Vulcan child: “An excellent plan. Thank you for begetting me.”
I know it’s been a while but the funniest part of this for me is still “Sarek at the mall”
Crossing the streams here a bit and imagining Mark Lenard strolling through some Vulcan city followed by a vast horde of Vulcan children of all ages. And looking a bit like an extremely bemused Jedi master. (I’ve had the pleasure of hearing him sigh in carefully-suppressed exasperation in person. I can just hear it now.) :)
Fergal O’Connor reinterprets the stories of Kildare for Ireland’s Ancient East
In 1900, stud farm (horse farm) owner Colonel William Hall Walker used to draw up a horoscope for each newborn foal and, if he didn’t like the stars, immediately sold it irrespective of lineage or physique. Amazingly, he became the most successful racehorse breeder of the age using this technique.
To this day, Tully-horses have won five Classics for the British Royal Family and if you head to the Irish National Stud between February and May, you can see newborn foals.
I haven't read all the side books, though, so I might be mistaken. :P I think Nita has great things in the future.
I wouldn’t argue. Certainly her immediate future is extremely interesting… :)
Just re-read SYWTBAW (the original) and darn if I didn't find myself crying at the end when Fred blew his quanta. (Last time I read Wizards at War, I cried at Ponch's "going away" scene too) I guess I wanted to know: does this happen to you too?
With other people’s work, it happens all the time. With my own, hardly ever. There have been very, very rare moments when I tear up a little bit on reading some piece of character business I’ve written. But routinely this only happens when it’s been quite a long time since I’ve read a given piece of work.
I think this is probably because for me it’s impossible to immerse as deeply (at the experiential end of things) in my own work, as in somebody else’s. If the other writer is good enough I can completely lose myself to what they’re doing. But when it’s my own stuff, on some level I’m always taking it apart to see what’s going on with it and whether it can be done any better. It’s just the price I pay for doing what I do, and I can’t really bring myself to be too upset about it….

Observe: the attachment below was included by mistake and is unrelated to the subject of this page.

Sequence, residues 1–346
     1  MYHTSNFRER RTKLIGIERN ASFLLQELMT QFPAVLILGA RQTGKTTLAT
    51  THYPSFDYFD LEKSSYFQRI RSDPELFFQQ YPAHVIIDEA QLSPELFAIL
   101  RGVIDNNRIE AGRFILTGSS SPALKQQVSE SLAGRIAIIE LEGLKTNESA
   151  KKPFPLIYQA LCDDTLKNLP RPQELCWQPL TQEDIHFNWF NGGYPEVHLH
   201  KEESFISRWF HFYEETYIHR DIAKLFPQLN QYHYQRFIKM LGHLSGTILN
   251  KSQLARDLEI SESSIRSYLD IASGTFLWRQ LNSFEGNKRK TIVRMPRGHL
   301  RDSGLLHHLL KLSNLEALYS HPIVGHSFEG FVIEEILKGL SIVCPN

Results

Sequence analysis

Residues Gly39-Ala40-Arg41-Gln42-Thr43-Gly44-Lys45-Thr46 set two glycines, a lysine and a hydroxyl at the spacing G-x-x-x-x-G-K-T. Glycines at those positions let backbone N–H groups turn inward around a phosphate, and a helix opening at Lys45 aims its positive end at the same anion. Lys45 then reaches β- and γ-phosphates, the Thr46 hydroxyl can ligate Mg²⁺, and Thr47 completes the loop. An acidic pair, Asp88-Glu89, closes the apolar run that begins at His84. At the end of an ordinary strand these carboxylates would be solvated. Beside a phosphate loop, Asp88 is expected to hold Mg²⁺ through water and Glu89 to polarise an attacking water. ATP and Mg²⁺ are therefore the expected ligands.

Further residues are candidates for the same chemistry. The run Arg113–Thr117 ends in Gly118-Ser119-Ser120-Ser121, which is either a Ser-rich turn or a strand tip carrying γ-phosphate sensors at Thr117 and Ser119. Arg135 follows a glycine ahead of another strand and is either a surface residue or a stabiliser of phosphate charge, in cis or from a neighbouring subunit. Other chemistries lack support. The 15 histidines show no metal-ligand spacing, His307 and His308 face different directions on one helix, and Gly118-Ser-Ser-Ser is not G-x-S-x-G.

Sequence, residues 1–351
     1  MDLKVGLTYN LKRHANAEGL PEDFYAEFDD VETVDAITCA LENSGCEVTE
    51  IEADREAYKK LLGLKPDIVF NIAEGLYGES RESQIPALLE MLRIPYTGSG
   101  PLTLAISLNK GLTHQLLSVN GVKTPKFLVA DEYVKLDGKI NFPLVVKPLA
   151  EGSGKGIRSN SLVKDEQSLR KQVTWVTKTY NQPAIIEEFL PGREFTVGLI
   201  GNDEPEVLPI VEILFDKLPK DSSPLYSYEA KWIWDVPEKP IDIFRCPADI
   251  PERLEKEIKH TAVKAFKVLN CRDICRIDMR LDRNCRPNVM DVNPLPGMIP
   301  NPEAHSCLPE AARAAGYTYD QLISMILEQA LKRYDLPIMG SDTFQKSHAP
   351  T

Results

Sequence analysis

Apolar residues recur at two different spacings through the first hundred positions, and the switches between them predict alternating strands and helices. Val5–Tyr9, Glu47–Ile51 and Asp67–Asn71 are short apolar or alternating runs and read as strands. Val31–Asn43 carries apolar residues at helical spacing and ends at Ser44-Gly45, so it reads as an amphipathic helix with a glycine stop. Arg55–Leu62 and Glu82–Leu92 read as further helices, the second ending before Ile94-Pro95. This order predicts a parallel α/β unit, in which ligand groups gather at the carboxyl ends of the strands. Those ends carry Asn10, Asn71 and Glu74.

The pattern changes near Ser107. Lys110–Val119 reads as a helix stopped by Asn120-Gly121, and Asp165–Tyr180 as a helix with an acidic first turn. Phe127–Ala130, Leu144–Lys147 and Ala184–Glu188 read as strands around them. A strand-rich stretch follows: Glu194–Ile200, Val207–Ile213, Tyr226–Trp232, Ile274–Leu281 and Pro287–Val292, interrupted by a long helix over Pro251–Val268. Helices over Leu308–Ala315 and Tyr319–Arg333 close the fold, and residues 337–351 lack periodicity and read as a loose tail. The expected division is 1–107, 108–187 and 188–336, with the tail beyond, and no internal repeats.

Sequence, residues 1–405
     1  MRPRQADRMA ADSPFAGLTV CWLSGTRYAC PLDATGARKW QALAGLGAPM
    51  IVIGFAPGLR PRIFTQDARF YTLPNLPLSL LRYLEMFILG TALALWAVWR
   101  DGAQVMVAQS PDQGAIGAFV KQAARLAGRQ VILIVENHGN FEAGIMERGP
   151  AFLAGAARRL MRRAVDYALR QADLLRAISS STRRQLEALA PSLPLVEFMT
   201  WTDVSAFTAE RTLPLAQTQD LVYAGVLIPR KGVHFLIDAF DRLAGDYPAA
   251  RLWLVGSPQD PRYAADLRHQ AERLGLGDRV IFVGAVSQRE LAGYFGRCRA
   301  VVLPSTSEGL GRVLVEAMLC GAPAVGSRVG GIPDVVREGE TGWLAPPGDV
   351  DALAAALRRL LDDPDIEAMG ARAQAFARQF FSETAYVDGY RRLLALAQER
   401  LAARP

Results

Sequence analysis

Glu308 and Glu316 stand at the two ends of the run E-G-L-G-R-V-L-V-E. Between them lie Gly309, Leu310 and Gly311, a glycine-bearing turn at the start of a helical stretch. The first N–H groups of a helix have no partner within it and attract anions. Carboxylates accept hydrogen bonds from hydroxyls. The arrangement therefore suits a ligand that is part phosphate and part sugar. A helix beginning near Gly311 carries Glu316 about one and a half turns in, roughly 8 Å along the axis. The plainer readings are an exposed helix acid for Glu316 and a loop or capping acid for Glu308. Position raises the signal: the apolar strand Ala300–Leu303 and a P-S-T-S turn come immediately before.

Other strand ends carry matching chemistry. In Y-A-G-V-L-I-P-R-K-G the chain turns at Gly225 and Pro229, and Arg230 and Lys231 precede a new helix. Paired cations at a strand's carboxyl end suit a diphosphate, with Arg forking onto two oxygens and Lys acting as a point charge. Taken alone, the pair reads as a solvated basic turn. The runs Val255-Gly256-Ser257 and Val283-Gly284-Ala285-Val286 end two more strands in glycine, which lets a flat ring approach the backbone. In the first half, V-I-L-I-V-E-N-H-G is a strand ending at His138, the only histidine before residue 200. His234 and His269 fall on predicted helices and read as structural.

What's the current YW reading order counting the short stories (Uptown Local, Not My Patch, Lifeboats et alia)?
- So You Want To Be A Wizard
- Deep Wizardry
- High Wizardry
- A Wizard Abroad
- The Wizard’s Dilemma
- A Wizard Alone
- Wizard’s Holiday
- Wizards at War
- A Wizard of Mars
- Interim Errantry [Not On My Patch, How Lovely Are Thy Branches, Lifeboats, in that order]
- Games Wizards Play
While there’s no specific hard data to support it, I tend to think of “Uptown Local” as fitting in between Deep Wizardry and High Wizardry.
Interim Errantry 2: On Ordeal is all “prequel” material that chronologically happens before So You Want…. But since it deals with Roshaun, Ronan and Mamvish, it’s probably best read d some time after AWOM, when all those characters have had some time on stage.
Holmes pondering things while gazing into the fireplace.
I really love the fact that the young wizard series has been so continuous and smooth over the years. I remember coming into the series in elementary school and still love it just as much in my senior year of college. The background research you put...
You’re very welcome. :)
Believe me, keeping the tone “even” from book to book is an ongoing challenge, and something I’m aware of every time I sit down to work at these books. I’m glad it seems to be working. Thanks for letting me know.
I am not going to tag the name of the bird, because I’m pretty sure I would get tagged as NSFW if I did, but I assure you their beaks are getting longer and it’s probably because of the UK’s obsession with bird feeders.
This is the poster I painted for Sherlock NYC’s drawing at their Season 1 screening event in New York; check out the prizes here: http://www.sherlocknyc.com/?p=116 The poster is 13x19 and printed on pearl premium photo paper, and their copy has the Sherlock NYC logo in the bottom left corner.
I won’t be able to make it to the actual event but if you live in the area you should go; they’re working really hard to make it an awesome event, and it sounds like a lot of fun!
Oh my gosh this took a long time to paint. Although I initially created this for Sherlock NYC, I’m planning to sell a few prints of it later next year at FanimeCon, and maybe a limited number online if there seems to be any interest. For now though the only place to get it is in their drawing!